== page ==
5195. hubrizó
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hubrizó: to run riot, to outrage, insult
Original Word: ὑβρίζω
Part of Speech: Verb
Transliteration: hubrizó
Phonetic Spelling: (hoo-brid'-zo)
Short Definition: I insult
Definition: I insult, treat with insolence.

HELPS word-Studies

5195 hybrízō (from 5196 /hýbris, "an injury, reproach") – properly, to seize (steal); (figuratively) to injure, bring loss, especially to damage someone's reputation (good name, honor); to rob a person of what rightfully belongs to them (seizing it away from them and for one's own).

5195 /hybrízō ("deliberately, spitefully injure") refers to mistreating people, using unfair tactics to inflict undeserved harm. This expresses the work of "one whose insolence and contempt of others breaks forth in wanton and outrageous acts" (K. Wuest, Word Studies, Vol 2, Pastoral Epistles, 1 Timothy, 34).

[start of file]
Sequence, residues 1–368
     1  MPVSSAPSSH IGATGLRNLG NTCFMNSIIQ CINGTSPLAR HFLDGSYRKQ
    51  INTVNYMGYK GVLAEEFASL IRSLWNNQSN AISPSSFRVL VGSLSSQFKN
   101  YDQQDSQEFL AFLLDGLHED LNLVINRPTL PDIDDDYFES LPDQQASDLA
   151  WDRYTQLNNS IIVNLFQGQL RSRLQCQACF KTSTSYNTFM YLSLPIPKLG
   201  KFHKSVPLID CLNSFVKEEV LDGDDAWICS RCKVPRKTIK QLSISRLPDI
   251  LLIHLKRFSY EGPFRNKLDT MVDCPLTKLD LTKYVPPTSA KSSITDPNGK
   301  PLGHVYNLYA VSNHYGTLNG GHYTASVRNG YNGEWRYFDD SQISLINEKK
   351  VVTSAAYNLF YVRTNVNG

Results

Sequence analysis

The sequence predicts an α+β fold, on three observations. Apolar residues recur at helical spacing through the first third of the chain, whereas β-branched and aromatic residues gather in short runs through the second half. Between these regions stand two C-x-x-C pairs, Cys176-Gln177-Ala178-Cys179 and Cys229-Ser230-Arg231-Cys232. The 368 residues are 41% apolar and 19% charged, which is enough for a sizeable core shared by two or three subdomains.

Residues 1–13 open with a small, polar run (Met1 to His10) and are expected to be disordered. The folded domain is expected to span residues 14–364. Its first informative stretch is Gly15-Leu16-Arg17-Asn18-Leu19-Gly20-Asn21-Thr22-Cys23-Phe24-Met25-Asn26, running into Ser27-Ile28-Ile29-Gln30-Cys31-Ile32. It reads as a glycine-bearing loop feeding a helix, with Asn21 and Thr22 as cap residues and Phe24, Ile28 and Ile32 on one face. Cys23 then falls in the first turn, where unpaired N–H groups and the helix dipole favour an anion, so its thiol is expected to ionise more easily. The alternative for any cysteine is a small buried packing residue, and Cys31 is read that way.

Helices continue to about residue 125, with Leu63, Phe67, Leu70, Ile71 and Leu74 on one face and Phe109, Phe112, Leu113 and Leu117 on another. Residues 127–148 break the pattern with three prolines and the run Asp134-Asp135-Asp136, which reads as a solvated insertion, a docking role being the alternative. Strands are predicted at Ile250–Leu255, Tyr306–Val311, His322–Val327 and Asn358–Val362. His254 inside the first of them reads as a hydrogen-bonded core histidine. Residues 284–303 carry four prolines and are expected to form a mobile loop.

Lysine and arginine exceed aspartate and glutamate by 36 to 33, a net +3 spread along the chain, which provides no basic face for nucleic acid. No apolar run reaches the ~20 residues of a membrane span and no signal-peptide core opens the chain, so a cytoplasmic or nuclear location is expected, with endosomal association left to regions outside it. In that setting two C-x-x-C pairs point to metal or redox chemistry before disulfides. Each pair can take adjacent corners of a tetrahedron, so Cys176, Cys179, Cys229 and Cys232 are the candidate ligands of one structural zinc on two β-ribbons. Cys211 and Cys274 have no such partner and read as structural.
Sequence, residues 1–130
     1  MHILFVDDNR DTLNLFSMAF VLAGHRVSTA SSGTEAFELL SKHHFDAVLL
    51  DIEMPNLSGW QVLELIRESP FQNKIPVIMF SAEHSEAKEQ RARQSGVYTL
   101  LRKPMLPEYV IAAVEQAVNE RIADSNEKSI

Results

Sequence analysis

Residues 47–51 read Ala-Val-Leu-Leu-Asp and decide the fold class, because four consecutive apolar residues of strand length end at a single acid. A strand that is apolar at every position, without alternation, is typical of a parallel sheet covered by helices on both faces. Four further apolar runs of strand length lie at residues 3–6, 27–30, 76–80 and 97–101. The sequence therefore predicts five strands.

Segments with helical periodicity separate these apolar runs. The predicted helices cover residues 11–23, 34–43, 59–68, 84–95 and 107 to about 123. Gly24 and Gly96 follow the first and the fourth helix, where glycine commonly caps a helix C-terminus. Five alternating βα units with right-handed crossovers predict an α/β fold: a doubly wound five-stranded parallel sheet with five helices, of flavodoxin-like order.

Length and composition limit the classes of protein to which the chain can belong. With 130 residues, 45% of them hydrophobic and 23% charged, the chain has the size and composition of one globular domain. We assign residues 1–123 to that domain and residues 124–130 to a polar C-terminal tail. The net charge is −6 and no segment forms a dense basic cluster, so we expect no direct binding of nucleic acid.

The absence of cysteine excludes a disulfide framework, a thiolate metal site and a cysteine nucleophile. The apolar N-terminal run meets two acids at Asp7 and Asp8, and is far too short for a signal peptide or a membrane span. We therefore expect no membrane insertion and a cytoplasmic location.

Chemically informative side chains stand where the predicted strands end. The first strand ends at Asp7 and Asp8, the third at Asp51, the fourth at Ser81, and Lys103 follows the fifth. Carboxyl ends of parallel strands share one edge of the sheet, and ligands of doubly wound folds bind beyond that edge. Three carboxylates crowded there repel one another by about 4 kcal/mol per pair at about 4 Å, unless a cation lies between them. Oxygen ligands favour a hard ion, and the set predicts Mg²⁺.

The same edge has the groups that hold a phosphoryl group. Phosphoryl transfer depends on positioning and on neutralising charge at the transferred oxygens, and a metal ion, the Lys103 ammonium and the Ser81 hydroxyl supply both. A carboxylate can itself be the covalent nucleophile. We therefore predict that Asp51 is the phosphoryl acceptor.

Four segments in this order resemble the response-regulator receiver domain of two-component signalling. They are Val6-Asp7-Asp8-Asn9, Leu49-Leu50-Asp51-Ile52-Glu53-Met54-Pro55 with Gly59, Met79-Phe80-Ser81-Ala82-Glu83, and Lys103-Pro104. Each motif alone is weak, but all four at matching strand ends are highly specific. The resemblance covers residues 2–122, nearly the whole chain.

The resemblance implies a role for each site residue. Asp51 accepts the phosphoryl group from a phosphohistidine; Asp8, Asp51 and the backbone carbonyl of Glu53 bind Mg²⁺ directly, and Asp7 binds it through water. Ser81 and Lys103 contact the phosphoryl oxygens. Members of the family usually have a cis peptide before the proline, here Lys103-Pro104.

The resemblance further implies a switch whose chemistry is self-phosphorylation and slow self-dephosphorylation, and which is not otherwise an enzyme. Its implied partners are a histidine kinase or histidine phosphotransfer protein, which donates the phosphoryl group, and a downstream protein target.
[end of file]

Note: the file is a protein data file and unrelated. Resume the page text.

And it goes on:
NAS Exhaustive Concordance
Word Origin
from hubris
to run riot, to outrage, insult
NASB Translation
insult (1), mistreat (1), mistreated (3).

STRONGS NT 5195: ὑβρίζω

ὑβρίζω; 1 aorist ὑβρισα; passive, 1 aorist participle ὑβρισθεις; 1 future ὑβρισθήσομαι; (ὕβρις); from Homer down;

1. intransitive, to be insolent; to behave insolently, wantonly, outrageously.

2. transitive, to act insolently and shamefully toward one (so even Homer), to treat shamefully (cf. Winer's Grammar, § 32, 1 b. β.): Matthew 22:6; Luke 18:32; Acts 14:5; (1 Thessalonians 2:2); of one who injures another by speaking evil of him, Luke 11:45. (Compare: ἐνυβρίζω.)

to mistreat, insult

From hubris; to exercise violence, i.e. Abuse -- use despitefully, reproach, entreat shamefully (spitefully).

see GREEK hubris

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